The conventional wisdom prior to the founding was that republics needed to be small. The conventional wisdom today is that James Madison, and the example of the United States, proves this to be mistaken. But what if Madison was actually wrong and Montesquieu was right? In this article, I consider whether the United States has gotten too big for its Constitution, whether this massive size contributes to political dysfunction, and what might be done to remedy the problem if there is indeed a problem. I suggest that size can increase rather than decrease the dangers of faction because the increased returns from control over a large territory can swamp the transaction costs of building a winning coalition. The obvious solutions are a decrease in the size of the national government, an increase in the costs of constructing winning factional coalitions, or a breakup of the United States into smaller, more manageable units. The first and second options are unfeasible, and the third (secession) is unconstitutional even if feasible.

Interesting. — Joe

Releasing the University of Florida’s list of 24 law school dean candidates churned up the issue of the possible harm that was done by the list’s disclosure on The Faculty Lounge. For details, including a link to applicants’ CVs and letters, see Dan Filler’s Battling To Keep The Florida Law School Dean Search Open and the post’s comment trail. In a comment to the post, Orin Kerr wrote “The letters are actually pretty fascinating, given how different candidates pitch their strengths.” — Joe

CRIV has published Lori Hedstrom’s (TR Legal’s National Manager for Library Relations) response about the transitioning of titles from Thomson Reuters to West Academic:

During the transition, we have worked closely with West Academic to provide information to customers regarding their individual accounts. Any new orders placed through Thomson Reuters for West Academic titles prior to Dec. 31, 2013 have been or will be fulfilled by Thomson Reuters. Orders placed on or after Jan. 1, 2014 have been or will be fulfilled by West Academic.

We have spoken with Chris Parton, president and CEO of West Academic, and as the product owner, West Academic can answer the specific questions about their products, structure of accounts and any discontinuation of products. For questions related to West Academic, customers may contact their representative at (800) 782-1272 or inquiries@westacademic.com. For questions related to Thomson Reuters, customers may call us at 1-800-328-4880.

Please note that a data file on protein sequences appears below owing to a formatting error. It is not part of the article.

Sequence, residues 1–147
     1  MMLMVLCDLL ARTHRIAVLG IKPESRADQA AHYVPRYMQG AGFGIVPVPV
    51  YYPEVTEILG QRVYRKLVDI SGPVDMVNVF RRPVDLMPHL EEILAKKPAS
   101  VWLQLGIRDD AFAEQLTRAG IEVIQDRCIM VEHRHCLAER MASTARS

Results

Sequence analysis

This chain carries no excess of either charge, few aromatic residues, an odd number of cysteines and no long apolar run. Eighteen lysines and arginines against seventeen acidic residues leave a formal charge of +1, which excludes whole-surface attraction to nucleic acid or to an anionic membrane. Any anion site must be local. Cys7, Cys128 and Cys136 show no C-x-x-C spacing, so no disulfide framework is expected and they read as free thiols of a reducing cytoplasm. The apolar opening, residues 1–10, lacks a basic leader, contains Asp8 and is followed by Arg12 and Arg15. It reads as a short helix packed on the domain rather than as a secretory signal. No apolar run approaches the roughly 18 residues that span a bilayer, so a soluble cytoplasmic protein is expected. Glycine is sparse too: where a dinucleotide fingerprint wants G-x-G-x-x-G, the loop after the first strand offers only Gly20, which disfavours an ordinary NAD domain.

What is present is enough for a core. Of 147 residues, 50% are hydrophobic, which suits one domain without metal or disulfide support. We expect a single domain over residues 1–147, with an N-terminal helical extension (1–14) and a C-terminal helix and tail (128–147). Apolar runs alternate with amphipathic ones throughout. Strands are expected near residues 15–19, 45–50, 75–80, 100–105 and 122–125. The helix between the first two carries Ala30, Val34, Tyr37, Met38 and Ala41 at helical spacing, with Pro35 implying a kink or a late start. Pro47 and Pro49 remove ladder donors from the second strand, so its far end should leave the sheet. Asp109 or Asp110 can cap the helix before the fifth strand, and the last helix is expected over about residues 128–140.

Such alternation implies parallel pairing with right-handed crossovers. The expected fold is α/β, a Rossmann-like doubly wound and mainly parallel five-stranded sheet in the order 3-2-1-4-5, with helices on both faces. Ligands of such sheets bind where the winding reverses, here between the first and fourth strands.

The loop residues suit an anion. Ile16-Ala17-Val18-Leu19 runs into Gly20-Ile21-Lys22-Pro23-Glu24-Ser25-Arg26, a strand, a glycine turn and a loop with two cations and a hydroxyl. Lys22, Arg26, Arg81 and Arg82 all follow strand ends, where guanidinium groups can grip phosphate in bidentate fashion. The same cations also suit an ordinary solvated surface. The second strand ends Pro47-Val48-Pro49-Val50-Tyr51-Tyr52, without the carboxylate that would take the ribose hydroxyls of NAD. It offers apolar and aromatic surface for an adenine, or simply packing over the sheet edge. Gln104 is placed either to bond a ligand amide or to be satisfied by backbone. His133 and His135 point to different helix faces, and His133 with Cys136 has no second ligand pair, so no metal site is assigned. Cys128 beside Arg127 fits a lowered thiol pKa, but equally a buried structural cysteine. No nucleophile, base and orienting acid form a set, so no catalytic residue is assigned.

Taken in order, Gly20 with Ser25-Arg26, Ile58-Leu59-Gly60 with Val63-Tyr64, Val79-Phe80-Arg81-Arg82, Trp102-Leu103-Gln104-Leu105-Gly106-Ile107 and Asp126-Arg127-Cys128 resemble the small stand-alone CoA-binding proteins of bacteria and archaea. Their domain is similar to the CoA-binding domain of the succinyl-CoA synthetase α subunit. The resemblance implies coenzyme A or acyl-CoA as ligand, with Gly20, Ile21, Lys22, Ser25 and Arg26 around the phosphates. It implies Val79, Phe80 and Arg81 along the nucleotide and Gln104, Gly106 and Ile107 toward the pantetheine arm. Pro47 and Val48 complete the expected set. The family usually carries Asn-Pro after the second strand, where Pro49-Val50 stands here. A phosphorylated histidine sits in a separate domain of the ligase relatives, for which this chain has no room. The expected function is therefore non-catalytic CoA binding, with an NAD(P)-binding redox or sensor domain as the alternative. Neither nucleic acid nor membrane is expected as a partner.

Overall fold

I think that sums up TR’s interest in the academic law library market for print resources, don’t you. Building “upon the century-plus heritage of West Publishing,” Lori Hedstrom did, however, provide this link to a complete list of divested West Academic titles. — Joe

William Mitchell has been granted a variance from the ABA’s distance learning rule. The ABA’s decision allows the “law school for the real world” to offer approximately 50% of its curriculum via online classes. From the press release:

Students who enroll in the new hybrid program will be on campus for at least one week each semester participating in 56 intensive hours of realistic simulations and other coursework. Students will prepare for their on-campus work through an e-learning curriculum designed by William Mitchell faculty to integrate legal doctrine with practical legal skills. In addition, students will have the opportunity to complete externships in their communities under the supervision of practicing attorneys. This innovative hybrid of on-campus and online learning will provide new access to those seeking a rigorous, experiential J.D. degree from an ABA-accredited law school.

William Mitchell claims “[t]he variance is the first of its kind and comes on the heels of a draft recommendation by the ABA Task Force on the Future of Legal Education that law schools be permitted to experiment and innovate.”

Hat tip to Alfred Brophy’s ABA Approves William Mitchell’s 50% on-line JD on The Faculty Lounge. — Joe

From the January 6, 2014 notice sent to academic law library subscribers: